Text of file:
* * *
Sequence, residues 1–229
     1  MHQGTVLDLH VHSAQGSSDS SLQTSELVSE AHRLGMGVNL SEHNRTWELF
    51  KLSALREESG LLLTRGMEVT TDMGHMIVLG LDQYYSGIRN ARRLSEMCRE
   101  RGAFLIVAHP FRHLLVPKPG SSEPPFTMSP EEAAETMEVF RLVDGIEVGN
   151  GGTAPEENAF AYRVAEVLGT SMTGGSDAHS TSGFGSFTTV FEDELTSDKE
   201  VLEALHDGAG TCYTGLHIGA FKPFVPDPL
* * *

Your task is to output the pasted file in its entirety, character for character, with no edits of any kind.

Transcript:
Sequence, residues 1–229
     1  MHQGTVLDLH VHSAQGSSDS SLQTSELVSE AHRLGMGVNL SEHNRTWELF
    51  KLSALREESG LLLTRGMEVT TDMGHMIVLG LDQYYSGIRN ARRLSEMCRE
   101  RGAFLIVAHP FRHLLVPKPG SSEPPFTMSP EEAAETMEVF RLVDGIEVGN
   151  GGTAPEENAF AYRVAEVLGT SMTGGSDAHS TSGFGSFTTV FEDELTSDKE
   201  VLEALHDGAG TCYTGLHIGA FKPFVPDPL